"Acids from plaque cause the loss of minerals from the tooth (a process called demineralization), resulting in tooth decay. The formation of small cavities, or carious lesions, can be reversed by remineralization--that is, the deposition of minerals into previously damaged areas of tooth. Topical fluoride, when applied frequently in low concentrations, increases both the rate of growth and the size of enamel crystals. The accelerated growth of enamel crystals within the demineralized lesion initiates reminerization of the tooth. Also, the larger crystals are less prone to future attack from the acids.
"Systemic fluoride--ingested fluoride that is absorbed mainly through the stomach and intestine into the bloodstream--helps to strengthen teeth while they are growing. The fluoride is carried to developing tooth buds, where the interaction with the developing crystals initiates the replacement of hydroxyapatite (the tooth enamel's normal crystalline composition) with fluorapatite (a related crystal which incorporates fluoride). Fluorapatite is more resistant to decay than is hydroxyapatite."
Mary Hayes of the American Dental Association presents some further information:
"Fluoride is a naturally occurring element that prevents tooth decay when ingested systemically or applied to teeth topically. The fluoride ion comes from the element fluorine. Fluorine, the 13th most abundant element in the earth's crust, is never encountered in its free state in nature. It exists only in combination with other elements as a fluoride compound. It is found in this form as a constituent of minerals in rocks and soil everywhere. Water passes over rock formations containing fluoride and dissolves these compounds, creating fluoride ions. The result is that small amounts of soluble fluoride ions are present in all water sources, including the oceans.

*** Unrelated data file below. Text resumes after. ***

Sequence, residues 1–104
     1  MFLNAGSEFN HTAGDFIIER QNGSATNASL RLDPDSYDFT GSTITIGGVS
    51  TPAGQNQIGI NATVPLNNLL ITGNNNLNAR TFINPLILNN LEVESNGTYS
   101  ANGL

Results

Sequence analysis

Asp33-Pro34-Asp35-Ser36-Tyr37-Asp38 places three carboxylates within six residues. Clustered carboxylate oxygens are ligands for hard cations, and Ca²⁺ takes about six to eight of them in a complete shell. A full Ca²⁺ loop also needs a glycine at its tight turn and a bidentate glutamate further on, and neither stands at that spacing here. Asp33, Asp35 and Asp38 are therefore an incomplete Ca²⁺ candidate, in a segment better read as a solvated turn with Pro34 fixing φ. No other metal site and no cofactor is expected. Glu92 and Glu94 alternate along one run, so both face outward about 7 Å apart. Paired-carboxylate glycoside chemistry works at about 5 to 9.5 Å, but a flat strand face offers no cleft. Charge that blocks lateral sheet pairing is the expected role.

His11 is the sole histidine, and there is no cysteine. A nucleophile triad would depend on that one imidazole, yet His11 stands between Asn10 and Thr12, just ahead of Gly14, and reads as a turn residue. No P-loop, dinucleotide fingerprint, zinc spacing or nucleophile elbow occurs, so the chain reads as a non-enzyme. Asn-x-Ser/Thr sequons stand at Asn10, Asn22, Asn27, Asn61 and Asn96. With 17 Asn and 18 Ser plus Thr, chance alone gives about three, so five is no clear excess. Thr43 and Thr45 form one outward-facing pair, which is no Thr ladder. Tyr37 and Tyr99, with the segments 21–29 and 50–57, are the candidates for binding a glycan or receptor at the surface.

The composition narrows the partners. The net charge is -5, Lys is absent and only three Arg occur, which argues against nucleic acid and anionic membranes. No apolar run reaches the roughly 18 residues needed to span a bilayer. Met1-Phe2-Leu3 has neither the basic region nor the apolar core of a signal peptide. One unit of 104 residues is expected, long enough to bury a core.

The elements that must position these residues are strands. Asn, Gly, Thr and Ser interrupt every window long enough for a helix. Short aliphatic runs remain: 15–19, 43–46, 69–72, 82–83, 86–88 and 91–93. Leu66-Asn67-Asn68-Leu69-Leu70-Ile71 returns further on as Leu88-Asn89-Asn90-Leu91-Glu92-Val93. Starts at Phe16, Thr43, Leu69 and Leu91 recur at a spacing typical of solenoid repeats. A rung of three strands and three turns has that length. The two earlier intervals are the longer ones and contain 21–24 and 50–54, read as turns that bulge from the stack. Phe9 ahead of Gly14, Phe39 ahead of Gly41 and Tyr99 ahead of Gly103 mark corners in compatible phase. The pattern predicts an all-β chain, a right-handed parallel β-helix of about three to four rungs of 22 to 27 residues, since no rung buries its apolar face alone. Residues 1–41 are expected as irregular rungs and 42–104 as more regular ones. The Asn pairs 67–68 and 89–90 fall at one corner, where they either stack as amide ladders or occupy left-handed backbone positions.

"Fluoride is present to some extent in all foods and beverages, but the concentrations vary widely. All water contains some fluoride naturally. Water fluoridation is the process of adjusting the fluoride content of water to the recommended level for optimal dental health. In the U.S., the optimum concentration for fluoride in the water has been established in the range of 0.7 to 1.2 parts per million (ppm). The specific optimum for a locality is dependent on the average annual temperature for the region.
"Researchers believe there are several mechanisms by which fluoride achieves its anticaries (cavity-preventing) effect. It reduces the solubility of enamel in acid by converting hydroxyapatite into less soluble fluorapatite; it may exert an influence directly on dental plaque, reducing the ability of plaque organisms to produce acid; and it promotes the remineralization of tooth enamel in areas that have been decalcified by acids.
"Most likely, fluoride works by a combination of these effects. But the remineralization effect of fluoride is of prime importance, because it results in a reversal of the early caries process and it gives rise to an enamel surface that is more resistant to decay.